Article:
Discussion in 'Off Topic Chat' started by snowbear, Nov 1, 2014.
Glad she's doing well.
I was once asked where I was from. I was back in the New York area, so I just told them the town I was from (which was just one or two towns over from where I was, so I knew they would know of the town.) She said, "I meant, where were you from before you lived here?" I said I had moved around a little, lived in a few places. Finally she got more specific, "Yeah, but what country are you from?" That's when I realized that she thought I had a foreign accent and was not born in the States.
The funny thing was, she was the one with a slight accent that sounded like English was perhaps not her first language. I had just gotten back to the States after living overseas, and apparently, it was still very easy for me to unconsciously mimic her speech.
Which, by the way, is very common. It's a natural behavior to unconsciously "borrow" the speech patterns or accent of someone you're talking to when you feel a connection or are trying to create a connection. We don't even realize we are doing it. Sometimes we do it with gestures and body postures, too. It's called mirroring.
@Dean_Gretsch been many years since I traveled PA, but I seem to remember there was a huge difference between the way people talked in Philly vs Pittsburg.
"Where are you from?"
end of discussion!
"Dave. What are you doing, Dave" -- HAL, 2010
Why, donchooknow, I'm from Bawler, Merlin,
There is a statue of William Wallace ("Braveheart") in Baltimore's Druid Hill Park. One year after the annual memorial service at the statue, my parents and I went to the Inner Harbor, a series of shops and restaurants along with the National Aquarium and the Maryland Science Center. We were in kilts and getting a few stares and smiles (from the lasses). While standing at a fudge shop, watching the guys performing (tossing the paddles in the air and chanting), one of them saw dad in his kilt, and asked him to say something. I don't recall exactly what dad said, but the fudge man said "I love your accent!" Dad replied "Oh, you like a DC accent?" --Crickets.
Two different states!
There's a big difference in the local accents and dialects of the Baltimore area are different from Maryland's DC suburbs. The people in the three southern MD counties (that have been there a while) and the Eastern Shore (DelMarVa peninsula - east side of the Chesapeake Bay) have a slightly different accent, though it tends to sound more like Baltimore.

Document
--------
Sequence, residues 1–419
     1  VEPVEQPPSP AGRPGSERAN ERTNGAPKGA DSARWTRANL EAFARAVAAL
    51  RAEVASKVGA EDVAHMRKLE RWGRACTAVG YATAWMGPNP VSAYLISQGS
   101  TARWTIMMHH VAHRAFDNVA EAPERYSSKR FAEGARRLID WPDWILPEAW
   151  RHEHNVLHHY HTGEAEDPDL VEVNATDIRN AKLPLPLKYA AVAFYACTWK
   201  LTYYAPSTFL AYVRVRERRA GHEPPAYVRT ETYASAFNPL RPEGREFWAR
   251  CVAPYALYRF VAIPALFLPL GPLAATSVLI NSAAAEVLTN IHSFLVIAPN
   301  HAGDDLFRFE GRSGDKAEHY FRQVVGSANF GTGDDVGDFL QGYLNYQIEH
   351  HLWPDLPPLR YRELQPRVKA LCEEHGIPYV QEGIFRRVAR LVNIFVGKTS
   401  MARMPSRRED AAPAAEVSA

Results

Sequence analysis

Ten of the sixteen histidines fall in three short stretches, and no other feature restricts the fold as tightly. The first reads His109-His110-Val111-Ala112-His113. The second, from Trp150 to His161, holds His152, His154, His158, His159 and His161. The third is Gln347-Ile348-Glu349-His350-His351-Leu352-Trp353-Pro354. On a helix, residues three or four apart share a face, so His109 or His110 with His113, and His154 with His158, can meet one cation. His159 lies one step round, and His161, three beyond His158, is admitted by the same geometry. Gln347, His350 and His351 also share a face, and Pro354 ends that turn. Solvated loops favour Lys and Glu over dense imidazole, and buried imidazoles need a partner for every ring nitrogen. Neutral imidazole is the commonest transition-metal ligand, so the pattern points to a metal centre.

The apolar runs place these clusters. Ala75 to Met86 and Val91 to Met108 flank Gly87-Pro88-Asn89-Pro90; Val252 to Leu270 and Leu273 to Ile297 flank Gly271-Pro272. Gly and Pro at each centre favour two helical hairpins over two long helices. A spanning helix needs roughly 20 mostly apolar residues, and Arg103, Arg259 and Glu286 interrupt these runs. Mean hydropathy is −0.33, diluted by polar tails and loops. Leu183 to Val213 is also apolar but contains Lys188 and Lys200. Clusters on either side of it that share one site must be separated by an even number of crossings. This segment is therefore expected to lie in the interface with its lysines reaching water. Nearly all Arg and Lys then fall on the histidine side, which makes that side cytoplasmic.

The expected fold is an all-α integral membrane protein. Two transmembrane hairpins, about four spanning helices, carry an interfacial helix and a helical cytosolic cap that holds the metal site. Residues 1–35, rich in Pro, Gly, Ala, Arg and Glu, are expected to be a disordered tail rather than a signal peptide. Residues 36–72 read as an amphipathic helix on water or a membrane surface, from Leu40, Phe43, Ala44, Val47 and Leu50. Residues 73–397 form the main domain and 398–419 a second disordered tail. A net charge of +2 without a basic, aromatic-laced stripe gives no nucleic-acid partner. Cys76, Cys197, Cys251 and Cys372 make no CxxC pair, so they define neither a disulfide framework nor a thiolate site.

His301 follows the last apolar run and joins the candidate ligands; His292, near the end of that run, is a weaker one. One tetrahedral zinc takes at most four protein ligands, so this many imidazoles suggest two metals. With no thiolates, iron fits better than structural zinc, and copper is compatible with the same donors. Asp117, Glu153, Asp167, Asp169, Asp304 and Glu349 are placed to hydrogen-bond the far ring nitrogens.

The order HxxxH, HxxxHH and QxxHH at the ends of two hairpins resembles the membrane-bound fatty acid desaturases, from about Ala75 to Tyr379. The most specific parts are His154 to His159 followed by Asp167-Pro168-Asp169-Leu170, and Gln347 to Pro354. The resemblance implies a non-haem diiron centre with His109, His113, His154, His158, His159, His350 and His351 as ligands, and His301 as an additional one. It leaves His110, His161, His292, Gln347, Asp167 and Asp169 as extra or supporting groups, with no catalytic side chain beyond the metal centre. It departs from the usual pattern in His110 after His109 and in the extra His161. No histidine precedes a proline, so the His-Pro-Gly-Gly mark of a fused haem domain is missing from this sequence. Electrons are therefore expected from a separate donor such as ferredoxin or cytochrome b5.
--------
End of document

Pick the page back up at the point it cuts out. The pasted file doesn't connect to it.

There is definitely a difference. I lived in Pittsburgh for 4 years and that is one of the dialects that rubbed off on me. Not so much the pronunciation, but some vocabulary and a few weird grammatical structures. The only real pronunciation that I changed was for the name of Andrew Carnegie. Growing up in NY, I always heard of "CARnegie Hall" and assumed that was also the pronunciation of the man's name. Alas, it is not. It's 'car-NEG-ie.' I still use the NY pronuncation for the concert hall in Manhattan, but otherwise, it's the Pittsburgh (and probably correct) pronunciation.
As for phrases: "My hair needs cut." or "The cats need fed." Also, sidewalks and roads can be "slippy" in the winter.
Some things that did NOT stick: gumband (for rubber band), pop (for soda), or adding an 'r' to words that didn't already have one (warsh the car).
pop? Is Your Significant Other A Foreigner? Do You Speak His/Her Language?
My father in law (Midwestern) still refers to soft drinks as SodiPop.
All well and good. I be fixin to go to work.
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My other half lived in Ft Myers, Fla for many years after moving to the states from England. We went to a local restaurant where our waitress was very young and inexperienced in life. During one of her stops at our table, she looked at Katrina and asked " Where are you from?". Being me, I couldn't resist and said " Florida. Can't you tell by the tan?". The poor girl had such a look of confusion! I got a smack on the arm for that one.
Separate names with a comma.